[Mar. 28th, 2005|09:15 pm]

Before you even read this press release, let me say that I’ve already been contacted by WOAI radio (1200 AM) in San Antonio and they should be running a story on it (including some quotes by me) tomorrow morning between five and nine. I assume it will also be posted on their site as well at some point. The station is also owned by Clear Channel; maybe the story will go national.


Military Values Group Calls for Investigation into Abuse of Military
Personnel by Credit Lenders

March 28, 2005

Contact: William Pate

AUSTIN — Reports have surfaced that American military personnel
stationed overseas are having stateside financial troubles through no
fault of their own. Rather, some American lending firms are ignoring
the Servicemembers Civil Relief Act, foreclosing on homes and
vehicles and ruining soldiers’ credit histories while those soldiers
are overseas taking part in the war on terror.

“What we’re seeing here is a pattern of abuse by private financial
companies against low-paid American soldiers overseas fighting for our
country and their families at home,” said DAIA President William Pate.
“First, we had investment and insurance companies going onto military
bases to dupe younger soldiers into investing high-cost, low-yield
financial accounts. Now banks and other financial institutions are illegally
foreclosing on families’ homes while their servicemember is in a
combat zone,” he said.

A recent example from Fort Hood, Texas, illustrates the struggles with
which military families must deal when their servicemember is overseas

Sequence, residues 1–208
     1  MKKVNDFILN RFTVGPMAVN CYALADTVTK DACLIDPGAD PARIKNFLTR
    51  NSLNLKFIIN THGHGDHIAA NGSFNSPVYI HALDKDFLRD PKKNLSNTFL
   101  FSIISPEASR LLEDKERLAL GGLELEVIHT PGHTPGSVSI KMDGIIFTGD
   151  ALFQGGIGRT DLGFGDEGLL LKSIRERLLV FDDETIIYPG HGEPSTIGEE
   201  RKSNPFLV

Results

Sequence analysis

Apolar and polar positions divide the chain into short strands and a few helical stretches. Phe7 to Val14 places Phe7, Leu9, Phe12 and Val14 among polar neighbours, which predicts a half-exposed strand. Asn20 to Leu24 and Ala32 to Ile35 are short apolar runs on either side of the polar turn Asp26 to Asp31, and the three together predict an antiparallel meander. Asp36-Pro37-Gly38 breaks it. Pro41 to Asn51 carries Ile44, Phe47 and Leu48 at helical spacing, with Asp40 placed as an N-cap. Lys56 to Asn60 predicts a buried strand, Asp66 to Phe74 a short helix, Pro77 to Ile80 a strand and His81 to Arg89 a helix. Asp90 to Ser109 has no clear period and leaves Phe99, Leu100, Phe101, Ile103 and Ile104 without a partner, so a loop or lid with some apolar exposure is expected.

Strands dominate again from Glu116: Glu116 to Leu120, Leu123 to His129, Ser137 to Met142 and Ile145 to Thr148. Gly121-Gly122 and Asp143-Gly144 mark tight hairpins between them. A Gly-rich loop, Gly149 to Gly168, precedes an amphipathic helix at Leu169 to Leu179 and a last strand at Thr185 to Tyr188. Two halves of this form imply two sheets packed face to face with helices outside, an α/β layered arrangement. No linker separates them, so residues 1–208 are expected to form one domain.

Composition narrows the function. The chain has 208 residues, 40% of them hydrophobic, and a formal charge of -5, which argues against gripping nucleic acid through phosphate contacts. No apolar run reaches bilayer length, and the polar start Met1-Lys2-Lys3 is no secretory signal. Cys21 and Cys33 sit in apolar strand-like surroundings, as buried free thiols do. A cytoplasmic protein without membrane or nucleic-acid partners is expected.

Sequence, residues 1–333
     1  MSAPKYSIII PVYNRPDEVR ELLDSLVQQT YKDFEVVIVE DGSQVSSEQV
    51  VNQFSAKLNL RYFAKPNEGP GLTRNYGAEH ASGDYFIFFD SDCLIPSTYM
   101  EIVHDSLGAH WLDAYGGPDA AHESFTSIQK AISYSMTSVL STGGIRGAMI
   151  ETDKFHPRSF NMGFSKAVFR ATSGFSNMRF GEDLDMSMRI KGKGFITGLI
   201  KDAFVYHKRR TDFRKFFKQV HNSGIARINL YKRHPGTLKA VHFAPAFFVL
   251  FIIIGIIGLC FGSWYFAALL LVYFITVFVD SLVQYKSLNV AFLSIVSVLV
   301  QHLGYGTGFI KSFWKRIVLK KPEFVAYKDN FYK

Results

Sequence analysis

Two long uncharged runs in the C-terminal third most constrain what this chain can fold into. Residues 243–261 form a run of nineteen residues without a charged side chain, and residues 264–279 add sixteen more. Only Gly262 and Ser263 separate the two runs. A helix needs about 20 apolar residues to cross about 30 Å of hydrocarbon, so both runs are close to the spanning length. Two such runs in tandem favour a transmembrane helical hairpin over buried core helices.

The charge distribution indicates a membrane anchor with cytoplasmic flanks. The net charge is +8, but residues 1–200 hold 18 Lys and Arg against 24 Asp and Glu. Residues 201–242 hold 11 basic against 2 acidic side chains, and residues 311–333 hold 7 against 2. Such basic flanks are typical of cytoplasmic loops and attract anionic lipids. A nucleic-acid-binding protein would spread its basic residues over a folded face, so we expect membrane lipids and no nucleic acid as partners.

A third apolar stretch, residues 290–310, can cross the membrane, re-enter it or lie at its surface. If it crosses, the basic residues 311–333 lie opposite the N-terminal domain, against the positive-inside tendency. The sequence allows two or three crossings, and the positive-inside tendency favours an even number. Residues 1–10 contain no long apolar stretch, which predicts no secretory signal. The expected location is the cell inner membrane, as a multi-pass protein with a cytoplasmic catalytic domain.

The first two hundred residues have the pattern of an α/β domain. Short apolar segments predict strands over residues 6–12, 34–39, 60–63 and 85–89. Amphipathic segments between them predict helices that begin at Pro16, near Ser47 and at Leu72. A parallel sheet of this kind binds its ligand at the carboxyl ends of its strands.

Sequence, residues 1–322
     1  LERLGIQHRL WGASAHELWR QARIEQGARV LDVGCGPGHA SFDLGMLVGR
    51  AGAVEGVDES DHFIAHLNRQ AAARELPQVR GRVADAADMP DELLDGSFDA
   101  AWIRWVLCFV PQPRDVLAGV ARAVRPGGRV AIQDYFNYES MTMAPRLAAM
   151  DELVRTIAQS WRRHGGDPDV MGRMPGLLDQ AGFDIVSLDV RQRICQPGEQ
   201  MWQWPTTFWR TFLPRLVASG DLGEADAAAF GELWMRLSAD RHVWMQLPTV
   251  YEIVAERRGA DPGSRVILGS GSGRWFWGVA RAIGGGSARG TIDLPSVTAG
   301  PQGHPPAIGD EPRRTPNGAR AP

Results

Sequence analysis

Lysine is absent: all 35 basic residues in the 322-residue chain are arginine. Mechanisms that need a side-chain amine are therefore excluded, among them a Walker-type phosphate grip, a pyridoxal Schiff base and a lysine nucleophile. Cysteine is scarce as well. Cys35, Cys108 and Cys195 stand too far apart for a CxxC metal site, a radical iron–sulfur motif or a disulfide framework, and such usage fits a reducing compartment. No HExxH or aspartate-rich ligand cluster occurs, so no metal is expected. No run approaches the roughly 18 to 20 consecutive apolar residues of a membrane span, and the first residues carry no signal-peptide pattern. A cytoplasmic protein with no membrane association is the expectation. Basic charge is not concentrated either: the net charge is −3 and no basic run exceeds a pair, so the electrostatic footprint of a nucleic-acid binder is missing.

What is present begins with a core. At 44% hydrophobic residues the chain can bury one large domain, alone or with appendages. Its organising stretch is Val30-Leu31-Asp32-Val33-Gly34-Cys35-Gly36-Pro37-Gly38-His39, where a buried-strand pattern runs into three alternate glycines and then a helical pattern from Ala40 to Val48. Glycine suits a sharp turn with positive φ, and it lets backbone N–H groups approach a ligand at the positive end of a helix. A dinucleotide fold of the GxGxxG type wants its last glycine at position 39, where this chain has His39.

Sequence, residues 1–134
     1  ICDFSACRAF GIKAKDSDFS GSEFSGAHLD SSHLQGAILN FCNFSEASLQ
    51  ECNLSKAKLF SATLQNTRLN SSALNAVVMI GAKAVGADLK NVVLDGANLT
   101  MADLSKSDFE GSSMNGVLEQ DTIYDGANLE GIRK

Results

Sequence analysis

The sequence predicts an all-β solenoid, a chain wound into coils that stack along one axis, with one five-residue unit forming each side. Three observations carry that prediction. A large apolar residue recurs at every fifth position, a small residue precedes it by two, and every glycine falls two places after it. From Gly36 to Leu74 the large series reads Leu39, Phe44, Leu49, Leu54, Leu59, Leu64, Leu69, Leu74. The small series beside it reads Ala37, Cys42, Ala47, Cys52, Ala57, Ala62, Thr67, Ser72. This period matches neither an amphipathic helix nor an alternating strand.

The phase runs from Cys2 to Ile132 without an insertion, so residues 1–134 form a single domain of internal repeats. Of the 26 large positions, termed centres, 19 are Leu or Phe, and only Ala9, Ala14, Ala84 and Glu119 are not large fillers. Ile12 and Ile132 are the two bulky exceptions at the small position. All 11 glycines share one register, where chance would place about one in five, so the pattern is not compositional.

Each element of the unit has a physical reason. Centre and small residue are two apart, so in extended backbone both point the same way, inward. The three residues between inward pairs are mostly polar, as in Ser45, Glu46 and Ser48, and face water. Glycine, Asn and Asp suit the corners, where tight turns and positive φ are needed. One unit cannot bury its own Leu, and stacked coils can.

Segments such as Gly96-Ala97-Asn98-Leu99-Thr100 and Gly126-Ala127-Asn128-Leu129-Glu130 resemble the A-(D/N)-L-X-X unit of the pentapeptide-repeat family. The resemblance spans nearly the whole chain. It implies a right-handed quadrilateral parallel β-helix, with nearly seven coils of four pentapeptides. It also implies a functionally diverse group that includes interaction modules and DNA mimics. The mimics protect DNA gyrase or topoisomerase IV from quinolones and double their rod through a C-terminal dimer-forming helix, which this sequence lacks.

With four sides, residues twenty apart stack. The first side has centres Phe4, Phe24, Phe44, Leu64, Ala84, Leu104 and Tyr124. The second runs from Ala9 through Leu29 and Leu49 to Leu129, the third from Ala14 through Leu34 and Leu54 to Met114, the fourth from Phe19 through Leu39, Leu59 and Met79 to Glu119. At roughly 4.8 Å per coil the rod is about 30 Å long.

and lenders ignore the law. According to a report in The New York
Times on March 28, 2005, Sgt. Michael Gaskins of Fort Hood was ordered
to Iraq in support of Operation Iraqi Freedom. His departure left his
wife to cope with the potential loss of their truck after a county
judge ruled that they had defaulted on a loan and must forfeit their
truck in repayment, a ruling that is in violation of the
Servicemembers Civil Relief Act.

According to The New York Times, “The Servicemembers Civil Relief Act,
protects all active-duty military families from foreclosures,
evictions and other financial consequences of military service. The
Supreme Court has ruled that its provisions must ‘be liberally
construed to protect those who have been obliged to drop their own
affairs to take up the burdens of the nation.'”

The House Financial Services Committee held hearings last year on
insurance and mutual fund firms which fraudulently sell high-cost,
low-yield accounts to American soldiers on military bases.

Defending America’s Integrity Alliance calls for a campaign to
heighten awareness about the Servicemembers Civil Relief Act and for
Congressional investigations into those firms and government officials
currently violating the act.

“All claims of profiting at the expense of our soldiers should be
immediately investigated by Congress,” Mr. Pate said.


The Defending America’s Integrity Alliance is a group of citizens who
promote and defend the United States Armed Forces’ Core Values in
American society.

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